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Andreas Ebneter, Damian Jaggi, Sebastian Wolf, Martin Zinkernagel; Inner nuclear layer thickness predicts geographic atrophy progression in age-related macular degeneration.. Invest. Ophthalmol. Vis. Sci. 2016;57(12):34.
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© ARVO (1962-2015); The Authors (2016-present)
We performed a retrospective, longitudinal, observational clinical study to analyze inner retinal changes in patients with geographic atrophy (GA) and identified potential morphological predictors for disease progression.
One hundred eyes with GA (mean patient age ± SD: 79.2 ± 6.7 years) were assessed and compared to age-matched controls. Retinal layers on horizontal line scans through the fixation point, acquired with spectral-domain optical coherence tomography in tracking mode, were segmented manually (Figure 1, top). Zones of GA were defined based on choroidal signal enhancement from retinal pigment epithelium loss. An area of unaffected temporal retina was used as reference. The paired Student's t-test was used to compare atrophic areas with unaffected retina in the same eye and changes over time. Progression of GA was quantified on fundus autofluorescence images. Retinal layer changes were correlated with GA progression rate using Pearson correlation.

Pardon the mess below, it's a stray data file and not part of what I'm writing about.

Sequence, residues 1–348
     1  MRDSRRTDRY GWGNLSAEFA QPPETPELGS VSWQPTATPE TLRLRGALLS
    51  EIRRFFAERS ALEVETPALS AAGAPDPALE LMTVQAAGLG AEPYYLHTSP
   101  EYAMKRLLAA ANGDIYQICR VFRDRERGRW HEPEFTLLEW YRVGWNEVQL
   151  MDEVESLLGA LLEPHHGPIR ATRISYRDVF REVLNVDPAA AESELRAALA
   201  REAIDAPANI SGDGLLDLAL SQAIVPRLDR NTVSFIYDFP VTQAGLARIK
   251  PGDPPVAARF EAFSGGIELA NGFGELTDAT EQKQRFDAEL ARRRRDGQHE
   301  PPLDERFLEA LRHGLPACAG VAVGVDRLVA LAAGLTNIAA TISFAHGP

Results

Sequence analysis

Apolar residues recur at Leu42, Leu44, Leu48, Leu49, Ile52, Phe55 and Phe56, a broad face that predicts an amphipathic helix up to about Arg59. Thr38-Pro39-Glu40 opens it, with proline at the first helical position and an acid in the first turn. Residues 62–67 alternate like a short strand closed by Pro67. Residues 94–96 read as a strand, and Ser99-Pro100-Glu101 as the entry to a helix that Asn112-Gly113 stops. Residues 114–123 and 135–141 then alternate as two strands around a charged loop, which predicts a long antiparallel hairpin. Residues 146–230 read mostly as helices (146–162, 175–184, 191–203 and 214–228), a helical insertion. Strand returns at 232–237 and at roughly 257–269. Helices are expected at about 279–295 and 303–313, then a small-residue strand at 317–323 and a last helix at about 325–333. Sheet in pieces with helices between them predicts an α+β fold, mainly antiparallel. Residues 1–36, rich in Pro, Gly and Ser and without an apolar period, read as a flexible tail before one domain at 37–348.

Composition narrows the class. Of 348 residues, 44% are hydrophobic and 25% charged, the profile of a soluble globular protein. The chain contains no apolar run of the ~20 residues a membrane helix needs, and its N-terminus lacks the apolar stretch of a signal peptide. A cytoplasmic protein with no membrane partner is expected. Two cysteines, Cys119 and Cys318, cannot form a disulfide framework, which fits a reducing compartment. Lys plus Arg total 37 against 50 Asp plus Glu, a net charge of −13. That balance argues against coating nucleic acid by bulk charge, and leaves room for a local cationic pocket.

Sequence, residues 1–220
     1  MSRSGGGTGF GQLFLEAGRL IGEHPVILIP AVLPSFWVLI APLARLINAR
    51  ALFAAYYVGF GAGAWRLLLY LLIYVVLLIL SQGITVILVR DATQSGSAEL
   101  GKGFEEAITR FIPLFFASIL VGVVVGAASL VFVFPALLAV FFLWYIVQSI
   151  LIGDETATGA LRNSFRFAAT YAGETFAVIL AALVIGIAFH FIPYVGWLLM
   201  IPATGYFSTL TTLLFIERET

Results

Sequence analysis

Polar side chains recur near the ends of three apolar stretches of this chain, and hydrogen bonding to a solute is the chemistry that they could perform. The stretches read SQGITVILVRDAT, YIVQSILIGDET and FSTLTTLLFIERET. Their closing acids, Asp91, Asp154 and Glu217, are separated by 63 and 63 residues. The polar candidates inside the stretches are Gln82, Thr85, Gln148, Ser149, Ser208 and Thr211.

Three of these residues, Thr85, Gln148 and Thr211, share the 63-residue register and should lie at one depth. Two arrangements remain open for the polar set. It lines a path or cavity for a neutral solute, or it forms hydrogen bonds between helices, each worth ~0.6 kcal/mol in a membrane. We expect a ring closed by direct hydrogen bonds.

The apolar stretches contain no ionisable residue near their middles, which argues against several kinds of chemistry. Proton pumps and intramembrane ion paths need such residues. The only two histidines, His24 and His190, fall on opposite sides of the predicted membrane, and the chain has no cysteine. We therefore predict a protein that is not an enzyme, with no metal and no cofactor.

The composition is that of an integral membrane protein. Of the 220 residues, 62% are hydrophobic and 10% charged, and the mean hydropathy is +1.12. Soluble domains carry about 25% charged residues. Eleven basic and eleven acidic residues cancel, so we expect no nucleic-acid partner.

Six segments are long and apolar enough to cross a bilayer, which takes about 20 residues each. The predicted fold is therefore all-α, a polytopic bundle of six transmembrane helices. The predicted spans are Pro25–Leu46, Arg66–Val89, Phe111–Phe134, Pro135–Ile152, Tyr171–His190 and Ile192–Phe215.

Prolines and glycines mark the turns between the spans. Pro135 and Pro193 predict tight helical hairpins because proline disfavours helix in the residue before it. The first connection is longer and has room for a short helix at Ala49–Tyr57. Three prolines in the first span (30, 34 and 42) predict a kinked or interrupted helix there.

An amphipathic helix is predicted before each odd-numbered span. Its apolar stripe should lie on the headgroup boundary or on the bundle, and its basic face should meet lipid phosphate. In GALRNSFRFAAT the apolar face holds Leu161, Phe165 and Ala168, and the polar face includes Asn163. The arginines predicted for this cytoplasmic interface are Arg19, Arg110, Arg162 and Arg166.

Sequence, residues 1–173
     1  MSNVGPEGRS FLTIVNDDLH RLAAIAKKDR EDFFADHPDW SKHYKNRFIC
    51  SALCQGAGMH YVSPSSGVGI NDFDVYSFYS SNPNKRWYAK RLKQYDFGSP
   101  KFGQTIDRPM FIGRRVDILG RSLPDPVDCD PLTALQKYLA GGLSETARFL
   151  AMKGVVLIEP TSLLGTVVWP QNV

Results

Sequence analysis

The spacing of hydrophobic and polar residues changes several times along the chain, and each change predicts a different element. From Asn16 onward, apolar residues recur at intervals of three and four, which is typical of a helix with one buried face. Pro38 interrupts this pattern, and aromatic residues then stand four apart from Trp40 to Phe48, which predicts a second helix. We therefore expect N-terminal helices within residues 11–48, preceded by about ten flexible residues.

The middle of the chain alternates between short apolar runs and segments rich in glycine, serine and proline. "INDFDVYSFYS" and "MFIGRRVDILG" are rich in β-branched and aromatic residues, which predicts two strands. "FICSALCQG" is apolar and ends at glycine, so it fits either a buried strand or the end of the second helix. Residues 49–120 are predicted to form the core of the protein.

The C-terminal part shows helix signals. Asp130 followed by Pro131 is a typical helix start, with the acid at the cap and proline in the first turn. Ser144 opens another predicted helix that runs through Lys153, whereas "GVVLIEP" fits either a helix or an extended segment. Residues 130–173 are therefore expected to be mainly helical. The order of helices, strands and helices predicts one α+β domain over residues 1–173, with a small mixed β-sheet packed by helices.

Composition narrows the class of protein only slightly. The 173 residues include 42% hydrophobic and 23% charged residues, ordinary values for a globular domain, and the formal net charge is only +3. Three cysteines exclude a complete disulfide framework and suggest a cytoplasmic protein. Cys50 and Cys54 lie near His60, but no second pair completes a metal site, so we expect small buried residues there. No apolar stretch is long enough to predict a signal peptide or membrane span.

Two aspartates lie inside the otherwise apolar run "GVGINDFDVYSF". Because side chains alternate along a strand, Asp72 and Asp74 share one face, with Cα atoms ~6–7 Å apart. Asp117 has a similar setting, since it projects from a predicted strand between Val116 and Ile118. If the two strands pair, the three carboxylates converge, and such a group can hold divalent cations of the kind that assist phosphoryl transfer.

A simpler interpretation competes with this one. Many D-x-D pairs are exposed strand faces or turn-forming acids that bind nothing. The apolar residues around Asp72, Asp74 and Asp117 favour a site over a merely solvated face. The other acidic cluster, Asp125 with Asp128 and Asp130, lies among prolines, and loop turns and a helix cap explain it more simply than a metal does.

41 eyes with GA of 41 patients were included in the final analysis and compared to controls (n=16). The mean follow-up was 36.6 ± 18.6 months. Increased inner nuclear layer (INL) thickness was found in areas of GA (Figure 1, bottom left). INL thickness was inversely correlated with best-corrected visual acuity. Moreover, INL thickness in areas adjacent to GA was associated with progression rates (Pearson r = 0.48, Figure 2).
Findings demonstrate that atrophy of the retinal pigment epithelium-photoreceptor complex in GA is associated with INL thickening. We speculate that this layer thickness increase is caused by reactive Müller cell changes and dysfunction. INL thickness in the retina adjacent to areas affected by GA was associated with atrophy progression rates.
This is an abstract that was submitted for the 2016 ARVO Annual Meeting, held in Seattle, Wash., May 1-5, 2016.
Figure 1: Near-infrared image (IR) and horizontal optical coherence tomography scan of an eye affected by geographic atrophy with corresponding analysis of inner nuclear layer (INL) thickness (bottom right), where TE = unaffected temporal zone, 'Atrophy' = area of geographic atrophy, 'fovea' = central 1mm subfield. Bottom left: Bar graph showing the average thicknesses of the INL for the geographic atrophy area (Atrophy) and the TE. Two-sided paired Student's t-test (n=41, ****: p ≤ 0.0001, whiskers = SEM).
Figure 2: Atrophy progression vs. INL thickness in temporal zone immediately adjacent to the GA (Pearson correlation).
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